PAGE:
"Old Factory Town" is the most emotionally charged song here precisely because it seems on the surface to be so devoid of emotion. At no time does the narrator give us an indication that he has any feeling whatsoever about the events that make up his daily life. It's through the expert use of minimalism, a technique which has blossomed in the hands of everyone from Miles Davis to Raymond Carver, that Rose makes these images speak for themselves. As is the minimalist tradition, that which is left unspoken speaks the loudest. The narrator is so completely absorbed by the mundanity and empty horror of his life that he cannot even step outside himself to describe it. Even his dreams are occupied by the same flat, bleak visions that pervade his conscious mind. We learn more about this man's life by what he doesn't tell us than we ever could from his most effusive observations. Clothed in a traditional-sounding, minor-key melody perfectly punctuated by bell-like synthesizer tones, the song is easily the centerpiece of the collection, even though it comes at the very end.
On "Open All Night," a similar narrative device is used, this time in the third person. Rose depicts the goings-on in a late-night diner, observing from a distance the waitress, the patrons, and the passersby outside--"There's news of a murder up at 14th and T and the waitress shivers with fright. "Just outside the door, "the street is a minefield for the ex-soldier with the tattooed arm." Again, Rose makes no statement about these characters and draws no conclusions. The effect is highly atmospheric, reminiscent of nothing so much as an Edward Hopper painting (say, "Nighthawks") describing the scene from outside while placing you smack dab in the middle, making you feel rather than see the loneliness and isolation.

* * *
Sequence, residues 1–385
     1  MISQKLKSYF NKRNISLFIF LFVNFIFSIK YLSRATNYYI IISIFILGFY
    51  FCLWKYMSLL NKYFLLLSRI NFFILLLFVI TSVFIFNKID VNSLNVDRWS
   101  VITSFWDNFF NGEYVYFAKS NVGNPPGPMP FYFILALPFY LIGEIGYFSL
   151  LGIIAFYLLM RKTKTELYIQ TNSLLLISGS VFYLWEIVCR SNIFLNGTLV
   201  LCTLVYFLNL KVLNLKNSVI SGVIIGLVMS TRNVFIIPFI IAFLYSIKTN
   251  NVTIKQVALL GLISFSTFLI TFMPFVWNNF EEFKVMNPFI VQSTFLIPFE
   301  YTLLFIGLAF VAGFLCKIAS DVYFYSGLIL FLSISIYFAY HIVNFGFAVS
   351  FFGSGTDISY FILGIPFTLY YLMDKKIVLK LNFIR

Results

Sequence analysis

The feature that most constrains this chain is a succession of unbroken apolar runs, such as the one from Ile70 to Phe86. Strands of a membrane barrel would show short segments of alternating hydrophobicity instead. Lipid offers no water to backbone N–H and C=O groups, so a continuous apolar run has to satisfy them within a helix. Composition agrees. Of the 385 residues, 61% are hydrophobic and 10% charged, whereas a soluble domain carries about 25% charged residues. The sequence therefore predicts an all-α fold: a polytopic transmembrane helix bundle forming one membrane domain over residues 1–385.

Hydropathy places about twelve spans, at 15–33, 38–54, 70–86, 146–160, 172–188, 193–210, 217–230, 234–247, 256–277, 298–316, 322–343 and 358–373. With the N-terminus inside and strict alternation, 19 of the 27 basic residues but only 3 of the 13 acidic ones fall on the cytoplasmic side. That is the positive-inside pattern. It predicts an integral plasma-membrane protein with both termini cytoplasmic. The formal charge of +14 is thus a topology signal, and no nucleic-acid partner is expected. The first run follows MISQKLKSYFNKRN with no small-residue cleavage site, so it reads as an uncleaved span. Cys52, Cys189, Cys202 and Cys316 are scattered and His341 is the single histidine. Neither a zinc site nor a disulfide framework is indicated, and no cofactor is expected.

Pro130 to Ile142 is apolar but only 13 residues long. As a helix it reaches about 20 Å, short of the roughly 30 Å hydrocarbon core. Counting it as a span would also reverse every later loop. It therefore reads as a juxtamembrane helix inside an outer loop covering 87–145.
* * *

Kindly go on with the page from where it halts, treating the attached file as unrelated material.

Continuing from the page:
There isn't space enough here to examine all the different approaches that Rose employs in his songs, but there is one composition in particular which differs so markedly from the rest that it shouldn't pass without comment. "Cities on the Aerial Paths of Communication" is a song about the idealistic utopianism of turn-of-the-century Russia before the coming of Stalin. In sharp contrast to some of the more spartan offerings here, "Cities" is a wildly imagistic, almost surreal song which attempts to encompass a broad subject through poetic twists and turns. Rose lets loose the literary muse that he holds in check on most other songs, delivering lines like "architects descend the Odessa Steps to their blueprint islands on the Black Sea." Wisely, there is little attempt at making these lyrics scan metrically. Rather, they float freely over the dissonant chord progressions that are often Rose's trademark, creating an element of tension.
It's easy to have mixed emotions about a song like this. On one hand, it may be a bold piece of work that forsakes convention in pursuit of high art. On the other, it may be unforgivably highbrow and impossibly pretentious. I prefer to think that it's both, wonderful and irritating at the same time, but regardless, one must respect the artistic courage that it takes to write a song like this. The important thing is that Rose is not afraid to take chances, or to venture far enough out to reach for what is otherwise unattainable. This alone is more than enough of a reason for anyone interested in originality and inspiration to seek out this recording.
The Fast Folk Musical Magazine 1993